"This is not the first incident in this region. We had to face such incidents in the past as well in which many people were killed."

Law enforcement officers stand next to a damaged bus that came under attack by unidentified militants in the Diamer district of Gilgit-Baltistan, Pakistan on December 2, 2023. (Photo courtesy: Facebook/Pamir Times)

He urged the government to increase patrolling of law enforcement agencies and set up security check-posts along a section of the Karakoram Highway passing through the district. 

Hussaini said their strike was only for Sunday and they would announce their next move soon. 

GB Information Minister Iman Shah said law enforcement authorities were investigating the attack and trying to ascertain the motive behind it. 

“Treatment of the injured people is ongoing and bodies of the deceased are being shifted to their native towns and villages," Shah told Arab News over the phone. “No one has yet claimed the responsibility for the attack.”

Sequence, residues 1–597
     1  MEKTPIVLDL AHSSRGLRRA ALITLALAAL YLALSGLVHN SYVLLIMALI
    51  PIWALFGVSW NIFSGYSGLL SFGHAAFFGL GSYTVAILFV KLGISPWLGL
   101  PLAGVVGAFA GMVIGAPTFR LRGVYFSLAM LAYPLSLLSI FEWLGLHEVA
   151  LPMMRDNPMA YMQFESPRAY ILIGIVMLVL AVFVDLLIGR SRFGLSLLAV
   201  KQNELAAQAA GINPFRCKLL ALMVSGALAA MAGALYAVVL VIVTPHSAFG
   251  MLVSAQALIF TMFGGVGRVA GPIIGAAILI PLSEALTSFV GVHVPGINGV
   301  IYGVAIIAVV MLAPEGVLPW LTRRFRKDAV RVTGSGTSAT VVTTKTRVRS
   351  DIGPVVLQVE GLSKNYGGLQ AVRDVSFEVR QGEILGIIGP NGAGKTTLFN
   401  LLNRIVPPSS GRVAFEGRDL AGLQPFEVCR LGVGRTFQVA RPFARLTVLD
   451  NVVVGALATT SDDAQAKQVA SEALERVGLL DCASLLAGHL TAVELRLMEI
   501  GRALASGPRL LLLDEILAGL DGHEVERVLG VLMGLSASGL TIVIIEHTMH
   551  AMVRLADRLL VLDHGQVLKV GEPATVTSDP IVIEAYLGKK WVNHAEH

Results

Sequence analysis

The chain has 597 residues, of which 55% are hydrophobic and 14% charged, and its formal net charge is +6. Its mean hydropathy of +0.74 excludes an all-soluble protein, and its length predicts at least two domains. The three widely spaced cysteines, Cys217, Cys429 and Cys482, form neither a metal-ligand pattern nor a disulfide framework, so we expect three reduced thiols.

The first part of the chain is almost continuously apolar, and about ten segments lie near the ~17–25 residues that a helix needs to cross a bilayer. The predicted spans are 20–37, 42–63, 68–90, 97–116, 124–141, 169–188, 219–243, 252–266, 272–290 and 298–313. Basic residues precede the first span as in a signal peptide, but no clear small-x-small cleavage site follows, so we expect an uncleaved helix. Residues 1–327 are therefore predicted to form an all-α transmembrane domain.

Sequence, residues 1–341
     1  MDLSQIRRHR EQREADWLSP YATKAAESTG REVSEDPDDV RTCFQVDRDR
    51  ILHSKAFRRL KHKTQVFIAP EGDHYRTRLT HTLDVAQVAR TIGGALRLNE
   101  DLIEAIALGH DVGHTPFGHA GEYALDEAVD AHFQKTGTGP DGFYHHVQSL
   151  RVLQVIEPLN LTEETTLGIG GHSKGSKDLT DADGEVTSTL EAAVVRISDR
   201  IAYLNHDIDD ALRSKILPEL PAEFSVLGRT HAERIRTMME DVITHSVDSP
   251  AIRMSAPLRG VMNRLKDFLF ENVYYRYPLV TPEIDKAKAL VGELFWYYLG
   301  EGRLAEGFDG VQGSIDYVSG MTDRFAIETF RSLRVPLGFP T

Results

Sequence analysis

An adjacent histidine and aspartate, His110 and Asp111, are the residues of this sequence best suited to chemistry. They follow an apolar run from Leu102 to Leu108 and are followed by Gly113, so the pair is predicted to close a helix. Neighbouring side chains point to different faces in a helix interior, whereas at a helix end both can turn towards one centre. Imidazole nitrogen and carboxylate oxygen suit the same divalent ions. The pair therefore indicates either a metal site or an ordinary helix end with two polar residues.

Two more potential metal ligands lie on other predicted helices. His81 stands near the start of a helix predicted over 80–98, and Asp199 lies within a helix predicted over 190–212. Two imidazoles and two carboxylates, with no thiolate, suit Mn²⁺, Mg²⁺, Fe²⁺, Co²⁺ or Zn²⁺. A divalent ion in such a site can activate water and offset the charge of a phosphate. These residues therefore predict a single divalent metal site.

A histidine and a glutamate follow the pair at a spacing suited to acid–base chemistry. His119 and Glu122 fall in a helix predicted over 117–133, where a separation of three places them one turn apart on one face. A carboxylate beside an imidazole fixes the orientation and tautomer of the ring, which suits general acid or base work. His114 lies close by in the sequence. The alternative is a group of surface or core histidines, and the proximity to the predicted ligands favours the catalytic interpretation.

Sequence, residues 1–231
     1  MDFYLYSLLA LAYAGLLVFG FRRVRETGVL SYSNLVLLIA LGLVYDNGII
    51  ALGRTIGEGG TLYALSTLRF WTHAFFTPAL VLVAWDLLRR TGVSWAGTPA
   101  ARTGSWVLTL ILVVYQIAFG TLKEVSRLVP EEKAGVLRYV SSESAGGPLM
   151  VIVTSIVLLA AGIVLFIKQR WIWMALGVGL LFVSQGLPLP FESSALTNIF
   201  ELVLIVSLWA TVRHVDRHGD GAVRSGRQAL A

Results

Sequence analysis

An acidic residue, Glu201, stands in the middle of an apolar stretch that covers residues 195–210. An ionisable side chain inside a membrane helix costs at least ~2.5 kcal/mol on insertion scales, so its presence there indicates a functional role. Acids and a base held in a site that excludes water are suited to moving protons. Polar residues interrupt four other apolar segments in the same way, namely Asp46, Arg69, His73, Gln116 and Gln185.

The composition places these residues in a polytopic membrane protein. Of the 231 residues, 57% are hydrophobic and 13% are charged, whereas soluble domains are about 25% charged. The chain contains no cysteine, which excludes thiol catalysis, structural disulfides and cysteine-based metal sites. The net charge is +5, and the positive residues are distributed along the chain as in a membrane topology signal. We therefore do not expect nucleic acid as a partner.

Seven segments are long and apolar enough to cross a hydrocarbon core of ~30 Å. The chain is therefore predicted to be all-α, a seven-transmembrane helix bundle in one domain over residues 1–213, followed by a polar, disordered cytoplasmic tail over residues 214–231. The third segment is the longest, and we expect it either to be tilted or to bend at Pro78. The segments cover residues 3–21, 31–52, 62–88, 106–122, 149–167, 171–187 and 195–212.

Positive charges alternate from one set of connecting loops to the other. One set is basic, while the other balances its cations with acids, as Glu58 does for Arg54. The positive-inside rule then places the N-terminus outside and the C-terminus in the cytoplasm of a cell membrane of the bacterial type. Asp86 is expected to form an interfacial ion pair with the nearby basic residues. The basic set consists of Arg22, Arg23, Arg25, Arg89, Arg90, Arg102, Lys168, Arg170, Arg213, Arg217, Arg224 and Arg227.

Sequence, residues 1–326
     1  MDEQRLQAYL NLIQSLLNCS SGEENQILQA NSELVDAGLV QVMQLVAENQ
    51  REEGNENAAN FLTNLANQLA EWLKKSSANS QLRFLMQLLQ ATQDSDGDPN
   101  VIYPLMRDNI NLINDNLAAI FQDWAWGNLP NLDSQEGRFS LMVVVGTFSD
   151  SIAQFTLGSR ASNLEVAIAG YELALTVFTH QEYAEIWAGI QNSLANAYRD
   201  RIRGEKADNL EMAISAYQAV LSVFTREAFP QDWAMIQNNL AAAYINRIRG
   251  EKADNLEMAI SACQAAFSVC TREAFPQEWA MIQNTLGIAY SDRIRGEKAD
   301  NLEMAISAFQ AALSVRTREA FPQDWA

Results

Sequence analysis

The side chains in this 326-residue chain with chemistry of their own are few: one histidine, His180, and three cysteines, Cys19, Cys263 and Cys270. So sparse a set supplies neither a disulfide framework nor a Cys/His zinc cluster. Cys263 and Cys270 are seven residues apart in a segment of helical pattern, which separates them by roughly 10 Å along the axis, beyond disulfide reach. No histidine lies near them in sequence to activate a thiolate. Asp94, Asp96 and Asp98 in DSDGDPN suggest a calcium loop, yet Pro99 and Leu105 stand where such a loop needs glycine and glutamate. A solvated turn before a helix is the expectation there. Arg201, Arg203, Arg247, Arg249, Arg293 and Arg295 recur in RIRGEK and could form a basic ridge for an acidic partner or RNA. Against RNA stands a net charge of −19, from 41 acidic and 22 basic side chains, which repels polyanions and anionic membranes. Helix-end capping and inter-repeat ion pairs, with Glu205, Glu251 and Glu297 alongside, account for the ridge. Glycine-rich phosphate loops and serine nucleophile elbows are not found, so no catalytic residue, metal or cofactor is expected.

Diamer Superintendent of Police (SP) Sheheryar Khan said unidentified militants opened fire on the bus in the Chilas-Hudur region at around 6:30pm on Saturday. 

Arif Ahmed, the Diamer deputy commissioner, said some of the passengers hailed from the northwestern Khyber Pakhtunkhwa and southern Sindh provinces. 

"Two Pakistan Army soldiers were among the people martyred in the attack," he told reporters. 

In a text message to Arab News, the Pakistani Taliban distanced themselves from the attack. 

“Tehreek-e-Taliban has nothing to do with the firing incident on a bus in Gilgit-Baltistan’s Chilas area,” said Muhammad Khurasani, a spokesperson for the group. 


In boost for Modi, India’s BJP set to win 3 of 4 key state polls

Updated 03 December 2023
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In boost for Modi, India’s BJP set to win 3 of 4 key state polls

  • Rajasthan, Madhya Pradesh, Chhattisgarh and Telangana states voted last month before the national vote due by May